9/11 – New Revelations

Responding to my piece on 9/11 “Truthers“, reader Jeff Rubinoff had this to say:

I still think that the psychology of conspiracy theorists has a lot to do with it, probably because of the Truthers I know with no skin in the game (Brits, Irish, Slovaks…). A particular kind of (extreme) credulity that thinks it’s worldly cynicism. A sense of superiority that one has the “real truth” while the sheeple haplessly accept the official lies. And a complete lack of either the necessary knowledge to evaluate claims or a consciousness of this ignorance.
I have one friend who insists that WTC and the Pentagon were bombs, that the planes were generated by CGI, that a few bits of wreckage were planted in front of the Pentagon but clearly not enough and in too good a condition to come from an actual airplane attack: the most Byzantine, inconsistent and improbable pile of donkey dung imaginable. Of course, last time I met him he was telling me how he read on the Internet that the Pyramids were designed as chemical reaction chambers to send microwave signals into space, and how he found this “very persuasive.” Oh, and he’s a Holocaust denier.
He also told me once that University education only limits ones mental horizons, whereas the LSD he ingested daily over a similar period of time expanded his.

That’s also true. I was concentrating on the internal contradictions of the America-fearing American, but all conspiracists live with even deeper conflicts. As you say Jeff, they have a powerful faith which they think of as cynicism.

Apparently the official explanation is that WTC7 just blew itself up (Photo: Damon D’Amato)

I’ve said elsewhere, conspiracy theories seem to satisfy some of the same mental urges as religion. They are surprisingly like a mythos, in that they create exciting stories to explain the world about us. And just as religion, they provide the ultimate all-purpose explanation: Things difficult to explain can be seen instead as the manifestation of a powerful but invisible will. I’ll go out on a limb here and say that the idea of unseen will may actually be innate to the the human species, a built-in default hypothesis for about anything.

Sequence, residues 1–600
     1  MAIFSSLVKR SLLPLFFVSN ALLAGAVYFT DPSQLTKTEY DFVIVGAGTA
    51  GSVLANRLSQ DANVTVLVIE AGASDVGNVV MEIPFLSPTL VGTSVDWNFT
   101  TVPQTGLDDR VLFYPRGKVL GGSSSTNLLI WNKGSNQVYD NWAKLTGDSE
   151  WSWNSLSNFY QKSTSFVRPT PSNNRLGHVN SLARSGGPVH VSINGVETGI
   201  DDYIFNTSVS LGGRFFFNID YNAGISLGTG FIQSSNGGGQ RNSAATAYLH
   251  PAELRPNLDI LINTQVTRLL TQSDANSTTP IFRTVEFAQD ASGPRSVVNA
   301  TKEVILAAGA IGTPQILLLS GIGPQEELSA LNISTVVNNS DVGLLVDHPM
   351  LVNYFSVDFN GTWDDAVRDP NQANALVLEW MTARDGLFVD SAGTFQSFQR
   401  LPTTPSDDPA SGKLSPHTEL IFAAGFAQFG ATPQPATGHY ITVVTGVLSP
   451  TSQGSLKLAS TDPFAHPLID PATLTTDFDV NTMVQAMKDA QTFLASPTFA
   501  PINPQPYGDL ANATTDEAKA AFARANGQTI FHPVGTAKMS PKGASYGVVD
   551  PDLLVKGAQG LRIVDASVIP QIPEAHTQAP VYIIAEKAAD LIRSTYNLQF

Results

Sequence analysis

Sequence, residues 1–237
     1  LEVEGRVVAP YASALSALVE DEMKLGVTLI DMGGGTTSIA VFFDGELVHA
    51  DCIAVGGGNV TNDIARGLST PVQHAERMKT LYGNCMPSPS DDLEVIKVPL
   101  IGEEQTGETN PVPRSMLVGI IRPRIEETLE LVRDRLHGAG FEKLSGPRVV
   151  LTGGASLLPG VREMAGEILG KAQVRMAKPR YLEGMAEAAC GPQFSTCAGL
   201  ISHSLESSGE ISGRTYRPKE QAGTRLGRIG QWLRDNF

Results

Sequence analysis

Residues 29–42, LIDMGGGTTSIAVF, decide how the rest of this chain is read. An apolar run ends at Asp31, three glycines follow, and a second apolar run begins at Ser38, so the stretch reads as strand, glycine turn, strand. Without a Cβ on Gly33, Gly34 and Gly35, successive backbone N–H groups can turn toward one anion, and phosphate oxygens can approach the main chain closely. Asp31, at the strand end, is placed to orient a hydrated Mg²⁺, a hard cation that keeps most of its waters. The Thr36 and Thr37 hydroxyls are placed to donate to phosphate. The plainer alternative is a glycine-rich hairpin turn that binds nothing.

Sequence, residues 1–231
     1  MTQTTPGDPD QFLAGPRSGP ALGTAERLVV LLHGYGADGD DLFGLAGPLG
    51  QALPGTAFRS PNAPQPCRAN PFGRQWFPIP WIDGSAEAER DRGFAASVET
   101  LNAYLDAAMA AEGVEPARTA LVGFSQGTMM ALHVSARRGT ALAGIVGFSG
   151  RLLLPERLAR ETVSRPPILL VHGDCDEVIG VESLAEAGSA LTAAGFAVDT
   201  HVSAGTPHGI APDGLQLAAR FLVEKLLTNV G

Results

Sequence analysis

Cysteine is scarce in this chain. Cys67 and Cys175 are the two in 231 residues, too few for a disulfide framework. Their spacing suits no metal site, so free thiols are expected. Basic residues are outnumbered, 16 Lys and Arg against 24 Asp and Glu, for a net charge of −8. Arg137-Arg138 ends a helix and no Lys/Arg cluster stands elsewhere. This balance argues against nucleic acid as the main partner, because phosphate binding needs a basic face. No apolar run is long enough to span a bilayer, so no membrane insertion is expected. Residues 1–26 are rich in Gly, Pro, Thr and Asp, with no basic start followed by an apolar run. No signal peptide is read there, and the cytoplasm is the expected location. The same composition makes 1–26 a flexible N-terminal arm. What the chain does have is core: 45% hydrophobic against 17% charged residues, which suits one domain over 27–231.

The thing making them different from religion though – or at least, traditional religion – is that the actors are not gods or spirits, but human. Still, perhaps conspiracy theories should be considered new materialist religions, belief systems for generations that, while still credulous, draw the line at the supernatural. (We’ll leave aside for now conspiracies that involve the influence of alien civilisations. These are supernatural beings in every sense that angels and demons are, just dressed from a contemporary costume box.)

But though the conspirators are not explicitly supernatural beings, they still have superhuman powers. They consistently pull off the scale of operation that non-clandestine organisations and governments usually seem to screw up. They have secrets that are never left in taxis or revealed by Wikileaks. They have superhuman powers of planning, efficiency, and organisation. Modern-day superpowers.

Hmm. They just don’t make gods like they used to.

It’s All Meme Meme Meme

"O frly?", the (official) free softw...
This is a meme

Gawker have a point. (OK, I check out Gawker occasionally. I’m not proud.) Lazy television producers getting segments – sometimes whole shows – out of the latest Internet “craze”, which generally was over before the segment started and lasted about as long. The “meme“. (Whatever you think of Richard Dawkins, his concept did not deserve this ignominious end.) Here’s a rule which I think the producers needs to understand: If you hear about an internet meme via any medium except the Internet, it is already over.

These things were only really funny when it seemed like they were special, hidden from the rest of the world by a veil of shared cultural reference. But now the Internet is indistinguishable from other media. Everything blends together and becomes brown plasticine. It doesn’t feel like a separate and more mysterious world anymore. It’s as if the process started in September 1993, when the Internet was opened to the public, has finally reached completion.

This is what some people have said about Google+ in fact, that while it’s still in semi-closed testing (you need an invite to join) there is a standard of good behaviour and quality of discussion there that you just don’t get on other bits of the Net anymore. And as Google+ gives you more control over who you hear from and are heard by than other online social networks, there is some hope that it might stay that way.

But then you have the opposite problem. When the Internet was new it may have only been small, but it was global. Now, it’s fragmenting into a great many personal networks. By language, by country, by age, by interest, by taste. All of them separate.

And all of them of course policed – by commercial interest and by government – instead of being a self-policing community.

We need a new Internet. Anyone know anything about wiring?